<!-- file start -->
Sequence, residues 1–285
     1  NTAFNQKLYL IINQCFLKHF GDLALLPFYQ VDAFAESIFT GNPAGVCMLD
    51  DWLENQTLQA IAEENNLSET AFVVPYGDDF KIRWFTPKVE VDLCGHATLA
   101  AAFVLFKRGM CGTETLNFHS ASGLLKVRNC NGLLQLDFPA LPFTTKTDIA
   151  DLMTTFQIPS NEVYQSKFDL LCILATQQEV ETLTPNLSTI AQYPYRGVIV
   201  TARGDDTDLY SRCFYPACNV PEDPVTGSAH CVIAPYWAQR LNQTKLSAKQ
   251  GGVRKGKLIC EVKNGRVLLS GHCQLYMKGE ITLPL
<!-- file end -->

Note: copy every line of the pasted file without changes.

Sequence, residues 1–285
     1  NTAFNQKLYL IINQCFLKHF GDLALLPFYQ VDAFAESIFT GNPAGVCMLD
    51  DWLENQTLQA IAEENNLSET AFVVPYGDDF KIRWFTPKVE VDLCGHATLA
   101  AAFVLFKRGM CGTETLNFHS ASGLLKVRNC NGLLQLDFPA LPFTTKTDIA
   151  DLMTTFQIPS NEVYQSKFDL LCILATQQEV ETLTPNLSTI AQYPYRGVIV
   201  TARGDDTDLY SRCFYPACNV PEDPVTGSAH CVIAPYWAQR LNQTKLSAKQ
   251  GGVRKGKLIC EVKNGRVLLS GHCQLYMKGE ITLPL